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Superfood Cooking: a Recipe for Healthy Eyes


Recently, we all learned that the stay-at-home order for Washington state has been extended until May 31st. While this announcement may not have come as much of a surprise, it feels stressful for many of us all the same.

If you are like our team here at Vision Health, you might be experiencing increased anxiety around staying healthy during these uncertain times. For those of you who are concerned about your eye health, we are here to help! Luckily, there are many proactive measures we can take at home to help keep our eyes healthy. One of these measures is eating foods that support our eyes.

We know that many ingredients are difficult to come by at the moment and, with that in mind, below are some recipes made with staple foods that are hopefully readily available to you.

1. Hummus with Red Bell Peppers.

Beans and legumes are high in zinc, which can lower your risk of developing macular degeneration and cataracts and can also help protect your eyes from the damaging effects of sunlight. Raw red bell peppers pack a punch of vitamin C, an antioxidant that helps repair and grow new cells and are good for the blood vessels in your eyes. They are also an excellent source of Lutein and Zeaxanthin, which will help prevent macular degeneration. While hummus is traditionally made with chickpeas, if you don’t have any on hand you can also use pinto beans, black beans, or just about any bean/legume you have on hand!

2. Loaded Sweet Potatoes

Sweet potatoes are bursting with beta-carotene, a form of vitamin A that can improve night vision and help with your eyes’ ability to adjust to the dark. This recipe is a yummy starting point, but you can also load these up with any toppings you have on hand. Baked sweet potatoes are also delicious topped with things like shredded chicken, goat cheese, or avocado. You can find some more fun topping ideas, here.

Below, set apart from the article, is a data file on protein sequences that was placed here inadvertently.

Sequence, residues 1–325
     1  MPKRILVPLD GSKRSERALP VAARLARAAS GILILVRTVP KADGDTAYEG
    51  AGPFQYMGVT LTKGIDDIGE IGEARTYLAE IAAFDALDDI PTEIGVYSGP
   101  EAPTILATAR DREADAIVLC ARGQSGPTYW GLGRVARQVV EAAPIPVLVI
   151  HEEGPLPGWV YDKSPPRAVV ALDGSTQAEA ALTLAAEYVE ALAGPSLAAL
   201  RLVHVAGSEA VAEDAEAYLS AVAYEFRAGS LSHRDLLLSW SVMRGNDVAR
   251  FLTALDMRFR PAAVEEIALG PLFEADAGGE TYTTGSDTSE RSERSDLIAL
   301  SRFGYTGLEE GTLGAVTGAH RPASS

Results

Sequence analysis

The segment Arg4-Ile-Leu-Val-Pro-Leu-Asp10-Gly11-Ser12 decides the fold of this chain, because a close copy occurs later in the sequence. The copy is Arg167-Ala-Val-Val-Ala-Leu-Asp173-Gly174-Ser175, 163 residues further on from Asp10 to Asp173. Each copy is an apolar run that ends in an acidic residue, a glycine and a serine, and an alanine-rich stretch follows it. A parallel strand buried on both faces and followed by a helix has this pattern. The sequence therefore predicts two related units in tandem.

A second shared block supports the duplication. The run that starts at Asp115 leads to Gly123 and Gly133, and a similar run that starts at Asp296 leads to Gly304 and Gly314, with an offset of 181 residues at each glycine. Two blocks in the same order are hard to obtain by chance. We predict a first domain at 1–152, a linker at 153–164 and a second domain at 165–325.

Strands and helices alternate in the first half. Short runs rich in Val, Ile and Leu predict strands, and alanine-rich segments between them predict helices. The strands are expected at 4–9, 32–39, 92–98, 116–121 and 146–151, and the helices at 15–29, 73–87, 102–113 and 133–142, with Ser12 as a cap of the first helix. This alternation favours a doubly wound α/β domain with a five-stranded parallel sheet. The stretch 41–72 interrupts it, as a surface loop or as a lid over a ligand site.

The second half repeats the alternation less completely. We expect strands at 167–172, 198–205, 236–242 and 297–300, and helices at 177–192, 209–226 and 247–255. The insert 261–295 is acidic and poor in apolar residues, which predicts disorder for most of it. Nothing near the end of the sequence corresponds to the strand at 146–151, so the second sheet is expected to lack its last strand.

3. Fish

Fish, especially salmon, contain omega-3 fatty acids which can help prevent dry eye, as well as aiding in visual development and retina health. Fresh fish might be hard to come by if you’re trying to avoid going to the store, but there are SO many delicious recipes out there using canned or frozen fish. If you stocked up on canned goods at the beginning of stay-at-home and are tired of tuna sandwiches and casserole, here are some fun new recipes to try using canned tuna. If you have frozen cod or other white fish on hand, you can find some dinner ideas here. And, if you’re lucky enough to have fresh or frozen salmon on hand, you can switch things up from your plain baked salmon with some snazzy marinades and rubs.

Protecting ourselves and our healthcare professionals are vitally important during this time and every preventative measure we can take, no matter how minor it may seem, can have an impact. While eating mindfully may seem like a small thing, it can make a big difference— both mentally and physically.

If you try one of these recipes, let us know by sharing a picture and tagging us on Facebook or Instagram!

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